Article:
By Randall MellFebruary 24, 2018, 4:32 pm

PALM BEACH GARDENS, Fla. – Wally Uihlein challenged Jack Nicklaus’ assault this week on the golf ball.

Uihlein, an industry force as president and CEO of Titleist and FootJoy parent company Acushnet for almost 20 years, retired at year’s start but remains an adviser.

In an interview with ScoreGolf on Friday, Uihlein reacted to Nicklaus’ assertions that the ball is responsible for contributing to a lot of the troubles the game faces today, from slow play and sagging participation to the soaring cost to play.

Uihlein also took the USGA and The R&A to task.

The ball became a topic when Nicklaus met with reporters Tuesday at the Honda Classic and was asked about slow play. Nicklaus said the ball was “the biggest culprit” of that.

“It appears from the press conference that Mr. Nicklaus was blaming slow play on technology and the golf ball in particular,” Uihlein said. “I don’t think anyone in the world believes that the golf ball has contributed to the game’s pace of play issues.”

Nicklaus told reporters that USGA executive director Mike Davis pledged over dinner with him to address the distance the golf ball is flying and the problems Nicklaus believes the distance explosion is creating in the game.

“Mike Davis has not told us that he is close, and he has not asked us for help if and when he gets there,” Uihlein said.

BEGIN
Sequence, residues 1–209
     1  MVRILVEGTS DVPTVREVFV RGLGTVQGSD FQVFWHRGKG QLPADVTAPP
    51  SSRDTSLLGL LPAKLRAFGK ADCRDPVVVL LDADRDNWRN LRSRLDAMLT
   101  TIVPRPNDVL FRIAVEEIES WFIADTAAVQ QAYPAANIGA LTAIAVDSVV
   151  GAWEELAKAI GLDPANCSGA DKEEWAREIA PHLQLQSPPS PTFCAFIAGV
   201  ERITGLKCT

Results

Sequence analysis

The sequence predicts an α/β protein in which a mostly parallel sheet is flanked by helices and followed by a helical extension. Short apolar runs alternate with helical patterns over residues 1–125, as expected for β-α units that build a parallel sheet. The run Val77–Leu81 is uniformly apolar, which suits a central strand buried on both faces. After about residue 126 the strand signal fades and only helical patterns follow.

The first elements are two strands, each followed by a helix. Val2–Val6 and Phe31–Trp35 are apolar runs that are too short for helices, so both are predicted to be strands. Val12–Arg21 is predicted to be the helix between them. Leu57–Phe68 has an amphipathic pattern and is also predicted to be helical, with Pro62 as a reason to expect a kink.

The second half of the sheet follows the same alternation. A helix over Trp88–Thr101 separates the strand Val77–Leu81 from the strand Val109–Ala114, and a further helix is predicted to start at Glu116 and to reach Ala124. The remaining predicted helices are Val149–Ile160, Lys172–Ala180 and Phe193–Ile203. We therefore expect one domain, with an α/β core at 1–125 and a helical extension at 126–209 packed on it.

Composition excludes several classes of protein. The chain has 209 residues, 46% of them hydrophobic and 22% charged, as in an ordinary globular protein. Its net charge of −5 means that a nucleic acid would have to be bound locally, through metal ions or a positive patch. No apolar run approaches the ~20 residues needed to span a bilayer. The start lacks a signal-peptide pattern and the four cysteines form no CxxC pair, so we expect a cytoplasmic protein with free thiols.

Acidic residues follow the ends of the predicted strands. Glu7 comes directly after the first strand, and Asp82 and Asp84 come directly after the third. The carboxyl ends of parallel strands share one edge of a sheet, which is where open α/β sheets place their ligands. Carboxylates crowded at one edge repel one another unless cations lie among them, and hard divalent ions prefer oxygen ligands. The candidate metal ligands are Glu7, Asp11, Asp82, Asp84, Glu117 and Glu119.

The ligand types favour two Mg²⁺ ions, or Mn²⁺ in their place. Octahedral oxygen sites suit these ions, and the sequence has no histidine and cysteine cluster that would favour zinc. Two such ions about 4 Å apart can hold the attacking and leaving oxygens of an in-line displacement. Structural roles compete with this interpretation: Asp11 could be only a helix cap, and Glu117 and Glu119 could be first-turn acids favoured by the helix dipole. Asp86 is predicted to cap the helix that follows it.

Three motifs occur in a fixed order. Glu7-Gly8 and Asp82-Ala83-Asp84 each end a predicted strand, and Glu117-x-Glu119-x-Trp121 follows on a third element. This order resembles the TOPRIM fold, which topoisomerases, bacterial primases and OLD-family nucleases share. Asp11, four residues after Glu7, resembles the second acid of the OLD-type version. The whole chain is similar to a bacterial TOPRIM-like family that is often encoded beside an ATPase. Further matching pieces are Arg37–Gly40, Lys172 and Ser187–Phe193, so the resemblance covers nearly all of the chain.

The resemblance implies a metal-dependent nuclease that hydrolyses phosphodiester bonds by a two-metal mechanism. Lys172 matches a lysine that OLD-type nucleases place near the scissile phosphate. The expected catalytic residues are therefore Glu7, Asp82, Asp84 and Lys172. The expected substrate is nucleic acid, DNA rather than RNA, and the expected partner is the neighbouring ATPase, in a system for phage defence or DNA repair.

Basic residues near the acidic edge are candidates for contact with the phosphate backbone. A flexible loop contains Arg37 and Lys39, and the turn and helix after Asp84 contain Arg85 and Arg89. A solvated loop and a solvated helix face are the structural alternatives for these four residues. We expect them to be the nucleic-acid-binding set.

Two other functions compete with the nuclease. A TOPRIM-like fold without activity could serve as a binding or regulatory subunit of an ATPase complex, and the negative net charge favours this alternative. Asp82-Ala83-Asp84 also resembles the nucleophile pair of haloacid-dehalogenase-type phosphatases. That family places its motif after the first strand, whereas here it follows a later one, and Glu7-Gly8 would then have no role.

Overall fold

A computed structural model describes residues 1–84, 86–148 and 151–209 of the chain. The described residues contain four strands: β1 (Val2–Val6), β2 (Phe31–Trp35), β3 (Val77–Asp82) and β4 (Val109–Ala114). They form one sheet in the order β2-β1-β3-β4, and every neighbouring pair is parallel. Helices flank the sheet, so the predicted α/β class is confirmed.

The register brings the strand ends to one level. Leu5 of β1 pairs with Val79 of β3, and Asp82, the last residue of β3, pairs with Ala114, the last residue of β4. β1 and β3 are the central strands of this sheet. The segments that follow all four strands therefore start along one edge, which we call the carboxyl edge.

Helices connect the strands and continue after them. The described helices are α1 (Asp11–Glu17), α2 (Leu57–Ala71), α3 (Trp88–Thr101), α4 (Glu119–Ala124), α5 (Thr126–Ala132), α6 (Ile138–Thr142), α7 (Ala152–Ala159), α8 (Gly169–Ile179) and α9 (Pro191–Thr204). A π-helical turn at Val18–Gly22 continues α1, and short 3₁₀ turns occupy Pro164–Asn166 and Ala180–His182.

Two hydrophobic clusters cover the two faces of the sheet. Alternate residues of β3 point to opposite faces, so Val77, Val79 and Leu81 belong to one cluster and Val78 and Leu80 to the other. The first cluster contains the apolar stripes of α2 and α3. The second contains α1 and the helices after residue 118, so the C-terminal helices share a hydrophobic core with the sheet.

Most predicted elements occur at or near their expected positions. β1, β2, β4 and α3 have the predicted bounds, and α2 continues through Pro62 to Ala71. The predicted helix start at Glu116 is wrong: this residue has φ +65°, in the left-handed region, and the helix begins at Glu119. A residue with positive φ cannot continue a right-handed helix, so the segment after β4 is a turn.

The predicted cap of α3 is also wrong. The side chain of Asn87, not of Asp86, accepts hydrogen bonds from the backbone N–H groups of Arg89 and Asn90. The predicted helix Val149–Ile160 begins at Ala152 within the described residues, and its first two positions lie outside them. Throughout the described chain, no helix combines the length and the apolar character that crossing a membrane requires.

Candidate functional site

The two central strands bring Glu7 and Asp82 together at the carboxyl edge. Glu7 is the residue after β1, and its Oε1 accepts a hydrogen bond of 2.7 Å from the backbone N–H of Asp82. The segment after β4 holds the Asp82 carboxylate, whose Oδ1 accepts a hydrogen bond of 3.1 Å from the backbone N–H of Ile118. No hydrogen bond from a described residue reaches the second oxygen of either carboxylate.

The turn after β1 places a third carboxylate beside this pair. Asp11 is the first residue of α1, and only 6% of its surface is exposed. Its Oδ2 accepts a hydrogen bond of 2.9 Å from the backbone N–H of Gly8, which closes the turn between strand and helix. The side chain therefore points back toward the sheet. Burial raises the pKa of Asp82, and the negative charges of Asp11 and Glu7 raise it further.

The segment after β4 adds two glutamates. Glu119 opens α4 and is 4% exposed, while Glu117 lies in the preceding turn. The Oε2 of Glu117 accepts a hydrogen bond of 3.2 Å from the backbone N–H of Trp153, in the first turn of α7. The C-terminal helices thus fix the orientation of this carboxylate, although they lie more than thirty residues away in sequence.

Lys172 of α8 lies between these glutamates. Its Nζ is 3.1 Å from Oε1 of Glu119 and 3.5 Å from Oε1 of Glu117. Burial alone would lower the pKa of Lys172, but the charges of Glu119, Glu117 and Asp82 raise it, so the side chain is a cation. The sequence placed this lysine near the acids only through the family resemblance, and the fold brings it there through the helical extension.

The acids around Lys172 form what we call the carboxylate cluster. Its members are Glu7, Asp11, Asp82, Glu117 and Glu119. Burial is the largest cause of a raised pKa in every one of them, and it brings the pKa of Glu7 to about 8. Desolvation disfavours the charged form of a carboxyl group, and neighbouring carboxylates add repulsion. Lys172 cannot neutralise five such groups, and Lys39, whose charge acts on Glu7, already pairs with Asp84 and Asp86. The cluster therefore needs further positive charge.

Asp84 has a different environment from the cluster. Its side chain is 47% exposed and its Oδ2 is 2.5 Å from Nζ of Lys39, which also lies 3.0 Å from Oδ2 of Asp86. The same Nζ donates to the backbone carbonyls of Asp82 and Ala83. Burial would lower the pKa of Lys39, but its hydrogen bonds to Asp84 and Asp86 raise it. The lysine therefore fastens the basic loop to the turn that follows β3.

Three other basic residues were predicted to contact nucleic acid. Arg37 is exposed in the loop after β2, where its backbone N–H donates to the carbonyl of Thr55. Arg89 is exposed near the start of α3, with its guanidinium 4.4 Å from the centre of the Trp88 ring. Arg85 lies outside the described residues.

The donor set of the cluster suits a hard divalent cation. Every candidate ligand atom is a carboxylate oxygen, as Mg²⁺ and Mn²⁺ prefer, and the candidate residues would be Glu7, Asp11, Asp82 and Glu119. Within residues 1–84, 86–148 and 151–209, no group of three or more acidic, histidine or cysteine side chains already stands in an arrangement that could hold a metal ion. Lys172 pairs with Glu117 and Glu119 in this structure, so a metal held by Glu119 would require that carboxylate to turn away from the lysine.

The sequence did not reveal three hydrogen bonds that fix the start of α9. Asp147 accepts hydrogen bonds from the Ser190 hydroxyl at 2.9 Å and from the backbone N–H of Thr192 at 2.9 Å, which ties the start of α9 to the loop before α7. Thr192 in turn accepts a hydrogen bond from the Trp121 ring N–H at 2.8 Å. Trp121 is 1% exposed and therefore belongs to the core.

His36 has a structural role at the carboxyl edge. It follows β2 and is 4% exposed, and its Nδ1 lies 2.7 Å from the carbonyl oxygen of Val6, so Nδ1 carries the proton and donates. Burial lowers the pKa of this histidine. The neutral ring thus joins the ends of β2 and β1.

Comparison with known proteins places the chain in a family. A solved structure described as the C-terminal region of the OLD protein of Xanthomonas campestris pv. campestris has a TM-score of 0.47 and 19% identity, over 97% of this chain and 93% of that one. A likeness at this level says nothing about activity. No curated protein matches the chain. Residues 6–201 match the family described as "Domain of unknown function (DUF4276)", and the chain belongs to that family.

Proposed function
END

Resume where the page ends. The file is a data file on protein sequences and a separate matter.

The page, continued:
ScoreGolf pointed out that the Vancouver Protocol of 2011 was created after a closed-door meeting among the USGA, The R&A and equipment manufacturers, with the intent to make any proposed changes to equipment rules or testing procedures more transparent and to allow participation in the process.

“There are no golf courses being closed due to the advent of evolving technology,” Uihlein said. “There is no talk from the PGA Tour and its players about technology making their commercial product less attractive. Quite the opposite, the PGA Tour revenues are at record levels. The PGA of America is not asking for a roll back of technology. The game’s everyday player is not advocating a roll back of technology.”

ScoreGolf said Uihlein questioned why the USGA and The R&A choose courses that “supposedly” can no longer challenge the game’s best players as preferred venues for the U.S. Open, The Open and other high-profile events.

“It seems to me at some point in time that the media should be asking about the conflict of interest between the ruling bodies while at the same time conducting major championships on venues that maybe both the athletes and the technology have outgrown,” he said. “Because it is the potential obsolescence of some of these championship venues which is really at the core of this discussion.”